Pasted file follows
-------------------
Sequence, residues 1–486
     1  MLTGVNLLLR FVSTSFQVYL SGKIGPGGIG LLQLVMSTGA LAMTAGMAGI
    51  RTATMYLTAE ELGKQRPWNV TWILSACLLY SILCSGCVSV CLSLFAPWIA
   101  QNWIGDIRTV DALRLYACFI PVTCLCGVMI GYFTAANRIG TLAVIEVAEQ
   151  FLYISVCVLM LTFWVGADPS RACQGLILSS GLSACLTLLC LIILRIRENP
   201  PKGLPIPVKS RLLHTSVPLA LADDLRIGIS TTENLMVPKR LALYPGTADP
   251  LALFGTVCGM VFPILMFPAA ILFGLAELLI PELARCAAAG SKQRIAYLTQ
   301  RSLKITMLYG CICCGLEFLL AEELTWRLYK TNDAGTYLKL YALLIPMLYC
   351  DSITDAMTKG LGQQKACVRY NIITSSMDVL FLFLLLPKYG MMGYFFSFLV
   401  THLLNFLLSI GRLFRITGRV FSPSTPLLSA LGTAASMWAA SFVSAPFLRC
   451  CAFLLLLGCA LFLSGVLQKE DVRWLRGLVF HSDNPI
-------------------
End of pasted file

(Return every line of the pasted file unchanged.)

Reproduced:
Sequence, residues 1–486
     1  MLTGVNLLLR FVSTSFQVYL SGKIGPGGIG LLQLVMSTGA LAMTAGMAGI
    51  RTATMYLTAE ELGKQRPWNV TWILSACLLY SILCSGCVSV CLSLFAPWIA
   101  QNWIGDIRTV DALRLYACFI PVTCLCGVMI GYFTAANRIG TLAVIEVAEQ
   151  FLYISVCVLM LTFWVGADPS RACQGLILSS GLSACLTLLC LIILRIRENP
   201  PKGLPIPVKS RLLHTSVPLA LADDLRIGIS TTENLMVPKR LALYPGTADP
   251  LALFGTVCGM VFPILMFPAA ILFGLAELLI PELARCAAAG SKQRIAYLTQ
   301  RSLKITMLYG CICCGLEFLL AEELTWRLYK TNDAGTYLKL YALLIPMLYC
   351  DSITDAMTKG LGQQKACVRY NIITSSMDVL FLFLLLPKYG MMGYFFSFLV
   401  THLLNFLLSI GRLFRITGRV FSPSTPLLSA LGTAASMWAA SFVSAPFLRC
   451  CAFLLLLGCA LFLSGVLQKE DVRWLRGLVF HSDNPI